While there are no documents or position papers by the church on the issue of homosexuality and how members ought to interact with lesbian, gay, bisexual or transgender family members, he said that on the issue of sexual orientation, churches in the denomination fall on a spectrum from progressive to conservative.

Most churches, Highfield said, hold a traditional Christian belief that sex is to be reserved for married men and women and that sex outside of that marriage arrangement is wrong, regardless of what the church believes about sexual orientation.

"There is an implicit covenant when you're a member of a congregation to adhere to the scriptures and the authority," he said.

So, he said, supporting a view that could be seen as undermining the teaching of the church could be grounds for excommunication.

Highfield was unfamiliar with this particular congregation until the story broke and said as for its decision, "whether it's just or fair, I'm not going to make a judgment."

Not a new issue

For decades, churches have wrestled with the issue of homosexuality, leading to splits and schisms of individual congregations and entire churches.

Some churches, like the Episcopal Church, have shifted from the traditional Christian position on marriage to now bless monogamous same-sex unions and perform same-sex marriages in states where they are legal.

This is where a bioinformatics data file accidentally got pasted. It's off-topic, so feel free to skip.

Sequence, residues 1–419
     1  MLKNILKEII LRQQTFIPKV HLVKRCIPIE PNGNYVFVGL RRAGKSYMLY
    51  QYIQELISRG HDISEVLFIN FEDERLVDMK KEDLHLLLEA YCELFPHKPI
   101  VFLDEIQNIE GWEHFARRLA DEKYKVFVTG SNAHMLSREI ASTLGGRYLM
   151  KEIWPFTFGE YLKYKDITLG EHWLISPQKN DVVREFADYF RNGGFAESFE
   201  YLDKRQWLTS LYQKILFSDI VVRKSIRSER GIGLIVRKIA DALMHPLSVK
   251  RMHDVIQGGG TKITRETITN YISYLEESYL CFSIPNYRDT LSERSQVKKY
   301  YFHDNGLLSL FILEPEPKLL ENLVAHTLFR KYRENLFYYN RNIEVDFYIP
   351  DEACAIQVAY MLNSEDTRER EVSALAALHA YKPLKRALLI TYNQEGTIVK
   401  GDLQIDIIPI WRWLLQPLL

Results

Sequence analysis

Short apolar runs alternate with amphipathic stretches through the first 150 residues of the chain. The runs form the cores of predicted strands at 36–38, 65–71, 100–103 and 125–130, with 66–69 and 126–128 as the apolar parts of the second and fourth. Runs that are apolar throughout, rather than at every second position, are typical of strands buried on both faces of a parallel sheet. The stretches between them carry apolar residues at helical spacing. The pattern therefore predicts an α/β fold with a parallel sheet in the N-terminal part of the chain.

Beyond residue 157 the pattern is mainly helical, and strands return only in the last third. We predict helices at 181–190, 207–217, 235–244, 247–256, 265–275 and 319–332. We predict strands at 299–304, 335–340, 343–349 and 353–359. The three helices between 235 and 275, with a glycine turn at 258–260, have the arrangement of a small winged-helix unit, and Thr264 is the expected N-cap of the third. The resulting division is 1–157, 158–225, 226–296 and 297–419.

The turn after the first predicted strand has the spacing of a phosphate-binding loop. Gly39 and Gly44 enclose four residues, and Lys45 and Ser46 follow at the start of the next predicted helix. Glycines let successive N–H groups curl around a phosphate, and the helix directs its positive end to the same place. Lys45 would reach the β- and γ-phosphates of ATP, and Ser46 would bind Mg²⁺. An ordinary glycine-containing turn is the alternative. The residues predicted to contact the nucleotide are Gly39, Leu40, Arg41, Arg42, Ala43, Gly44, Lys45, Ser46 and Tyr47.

While churches that have formally shifted their policies on same-sex marriage are in the minority, Americans' opinion of such marriage has shifted significantly from opposition to support.

A CNN/ORC poll conducted in June, when the Supreme Court was deciding the fate of the Defense of Marriage Act and the validity of a California law banning same-sex marriage, 55% of Americans said marriages between gay or lesbian couples should be recognized as valid. That marked an 11-point swing from 2008, when 44% of Americans said the unions should be legal.

The public outcry about the exile of the parents of a gay adult child from this Tennessee congregation seems to mirror this shift in public opinion.

Some pollsters and commentators have pointed to tension about same-sex marriage as a reason for an exodus from churches, particularly among young people.

Many mainline Protestant churches have seen a decline in membership, while pollsters have noted a steady increase in "nones," or people saying they have no religious affiliation. In its latest surveys, the Pew Forum on Faith and Public life puts "Nones" at 20% of the population.

Pew has also noted that at the same time younger Americans are leaving churches, older Americans are returning in a pattern that matches historical trends that have shown people become more religious as they get older.

Because there is no central office for Churches of Christ, reliable numbers on membership are difficult to come by.*

When the Ridgedale congregation next updates its membership rolls, it will be crossing out the Coopers. The family told the local newspaper they were devastated to leave a church where they had been active for 60 years.

For now, both the Coopers and their former church are standing by their own convictions, and after six decades of traveling together, they are heading in different directions.



Difficult, but not impossible. There are 12,438 Church of Christ congregations in the United States with 1.55 million adherents according to publisher 21st Century Christian's annual "Churches of Christ in the United States" which they have compiled since the 1970s.
H/t @BobbyRoss

- CNN Belief Blog Co-Editor